Most of the time, venturing into the great outdoors is a rewarding experience. However, sometimes things go wrong, and when they do, it’s important to know how to react. The first thing to do is get help. But how?
That’s where this guide comes in. We have included how to do ten need-to-know distress signals, which signals are to be used in different situations, and how to communicate to other hikers, aircraft, or by radio in an emergency situation.
Table of Contents
1. Human Y
The Human Y doesn’t require anything besides your body and can be used to communicate with helicopters during an emergency. Holding both arms up, as if making the letter Y with your body, indicates, “Yes, I need help.”
You should always carry a survival whistle. They are lightweight, take up virtually no room, and could save your life. A whistle blast will travel three times further than a yell, increasing your chances of being heard.
The best way to make a distress signal is with three blasts. Each blast should be around three seconds long. Wait a few seconds, catch your breath, and repeat the three whistle blasts until help arrives.
Survival kits always include a signal mirror, and for a good reason. A mirror can reflect sunlight up to 7 miles and be used to alert rescuers of your position. To use a signal mirror, stand facing the sun and place the mirror next to your eye.
Find the reflection on your hand and open your fingers into a V-shape. The reflection will go through your open fingers, and you can use your hand as a guide. Locate your target and flash the mirror three times for a better chance of being noticed.
SOS is a widely known distress call, often used for global maritime distress calls. In Morse Code, the letter S is three dots, and O is three dashes. SOS is dot, dot, dot, dash, dash, dash, dot, dot, dot.
You can use a whistle to communicate SOS with three short signals, three long signals, and three more short signals. You can also use a headlamp or flashlight for a distress signal by turning the light on and off. In any case, three is the magic number – three fires evenly spaced, three whistles, three signals with your headlamp, or three mirror flashes.
5. Personal Locator Beacons
Personal Locator Beacons, or PLBs, are the ideal tools for signaling distress. Unlike a satellite messenger, a PLB doesn’t require a subscription.
PLBs send SOS signals and an emergency position to a global network of satellites and initiate a local emergency procedure. Remember, you can’t cancel an SOS call, so make sure you need help before activating a PLB.
When seen from the air, an X is a large visual signal, and the bigger, the better. Gather as many logs, sticks, and rocks as possible and make sure the X is visible. You can also use your own body to create an X or turn the logs into a signal fire. Lay on your back and move your outstretched arms and legs as if making a snow angel.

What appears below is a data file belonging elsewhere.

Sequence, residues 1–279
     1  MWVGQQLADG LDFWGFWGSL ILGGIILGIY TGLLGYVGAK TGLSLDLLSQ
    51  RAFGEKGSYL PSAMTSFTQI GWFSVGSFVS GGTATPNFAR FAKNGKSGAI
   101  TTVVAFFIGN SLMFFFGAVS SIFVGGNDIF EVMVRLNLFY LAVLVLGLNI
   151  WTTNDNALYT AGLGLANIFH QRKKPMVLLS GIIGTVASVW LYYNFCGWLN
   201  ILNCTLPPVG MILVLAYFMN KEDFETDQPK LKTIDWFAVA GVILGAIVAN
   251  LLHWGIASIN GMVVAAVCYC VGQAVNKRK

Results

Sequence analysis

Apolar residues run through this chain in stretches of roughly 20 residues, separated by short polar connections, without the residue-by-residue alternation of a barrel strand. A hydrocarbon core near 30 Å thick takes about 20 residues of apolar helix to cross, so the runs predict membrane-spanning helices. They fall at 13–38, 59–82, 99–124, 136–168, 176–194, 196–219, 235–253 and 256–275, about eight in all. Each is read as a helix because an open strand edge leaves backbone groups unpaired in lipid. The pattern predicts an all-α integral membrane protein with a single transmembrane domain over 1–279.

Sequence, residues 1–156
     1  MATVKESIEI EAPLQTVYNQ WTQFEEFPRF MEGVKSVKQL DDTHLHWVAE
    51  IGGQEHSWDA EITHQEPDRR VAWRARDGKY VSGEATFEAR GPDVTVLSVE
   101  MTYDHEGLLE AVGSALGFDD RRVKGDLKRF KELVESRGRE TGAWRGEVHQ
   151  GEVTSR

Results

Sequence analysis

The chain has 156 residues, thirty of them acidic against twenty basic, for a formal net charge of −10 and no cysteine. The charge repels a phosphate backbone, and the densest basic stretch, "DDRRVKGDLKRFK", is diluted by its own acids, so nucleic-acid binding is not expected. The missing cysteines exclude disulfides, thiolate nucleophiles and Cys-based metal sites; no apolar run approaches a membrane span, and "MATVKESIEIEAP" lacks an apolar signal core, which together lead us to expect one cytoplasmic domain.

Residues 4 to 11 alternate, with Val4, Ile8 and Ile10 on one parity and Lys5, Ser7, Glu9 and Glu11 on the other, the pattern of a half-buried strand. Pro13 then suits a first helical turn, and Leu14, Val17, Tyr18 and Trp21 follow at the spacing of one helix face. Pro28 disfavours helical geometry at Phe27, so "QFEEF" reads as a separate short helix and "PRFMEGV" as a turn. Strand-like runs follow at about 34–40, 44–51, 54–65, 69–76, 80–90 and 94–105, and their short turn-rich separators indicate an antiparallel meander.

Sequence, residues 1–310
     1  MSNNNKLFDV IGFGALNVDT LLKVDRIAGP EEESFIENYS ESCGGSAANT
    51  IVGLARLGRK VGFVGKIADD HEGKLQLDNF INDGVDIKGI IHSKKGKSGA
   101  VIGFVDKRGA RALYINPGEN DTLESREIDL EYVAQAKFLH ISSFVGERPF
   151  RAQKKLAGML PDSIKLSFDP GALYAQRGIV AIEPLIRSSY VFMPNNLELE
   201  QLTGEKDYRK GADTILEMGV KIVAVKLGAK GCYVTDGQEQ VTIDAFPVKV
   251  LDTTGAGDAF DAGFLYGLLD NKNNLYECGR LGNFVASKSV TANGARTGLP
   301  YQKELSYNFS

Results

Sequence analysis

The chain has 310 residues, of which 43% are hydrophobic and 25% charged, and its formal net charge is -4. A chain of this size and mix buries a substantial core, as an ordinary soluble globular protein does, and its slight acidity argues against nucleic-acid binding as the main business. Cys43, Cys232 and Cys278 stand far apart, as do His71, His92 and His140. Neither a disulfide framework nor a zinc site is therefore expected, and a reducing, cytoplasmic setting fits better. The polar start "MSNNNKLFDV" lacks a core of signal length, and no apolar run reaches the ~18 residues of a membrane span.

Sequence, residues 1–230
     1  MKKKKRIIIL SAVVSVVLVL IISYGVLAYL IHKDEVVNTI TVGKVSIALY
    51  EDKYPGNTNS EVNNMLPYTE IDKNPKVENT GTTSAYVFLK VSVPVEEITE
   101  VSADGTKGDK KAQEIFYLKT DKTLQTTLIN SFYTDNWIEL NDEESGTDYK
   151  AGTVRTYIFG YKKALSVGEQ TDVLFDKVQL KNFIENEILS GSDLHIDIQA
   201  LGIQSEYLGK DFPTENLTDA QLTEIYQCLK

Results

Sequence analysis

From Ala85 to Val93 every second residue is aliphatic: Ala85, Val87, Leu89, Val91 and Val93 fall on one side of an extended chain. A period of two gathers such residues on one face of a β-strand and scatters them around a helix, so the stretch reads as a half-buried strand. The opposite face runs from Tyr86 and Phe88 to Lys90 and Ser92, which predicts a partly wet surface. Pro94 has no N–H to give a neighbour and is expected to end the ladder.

TTT in Morse Code is another easy international emergency sign. In Morse Code, the letter T is a single dash, making TTT easier to remember than SOS. Like SOS, you can communicate TTT with three flashes from a headlamp, whistle, or mirror.
8. LED Road Flares
Traditional flares are heavy and could potentially start a forest fire. Most hikers and backcountry enthusiasts have turned away from flares and flare guns for safer alternatives, including LED road flares, headlamps with a strobe function, and satellite phones.
Mayday comes from the French word M’aidez, which means help me. And it can be easier to understand over the phone than SOS. As with most help signals, you should say Mayday three times in an actual Mayday call to effectively communicate your need for help.
10. Signal Fires
If you’re in a remote area with plenty of flammable material (wood, grass, etc), signal fires are a great way to attract attention to rescue teams. To give yourself the best chance of being seen, add plenty of green wood to your pile – this gives off much more smoke than dead wood.
If there’s enough material to do so, start three fires so rescuers don’t confuse your fire with a campfire!
International Emergency Signals For Distress: Final Thoughts
Spending time outdoors is not without its risks. When things go wrong, there are a few different ways of signaling for help, including with a survival whistle, a mirror, or a Personal Locator Beacon.
Have you ever had to call for help? What international emergency distress signal did you use? Let us know in the comments, and don’t forget to share with your hiking partner.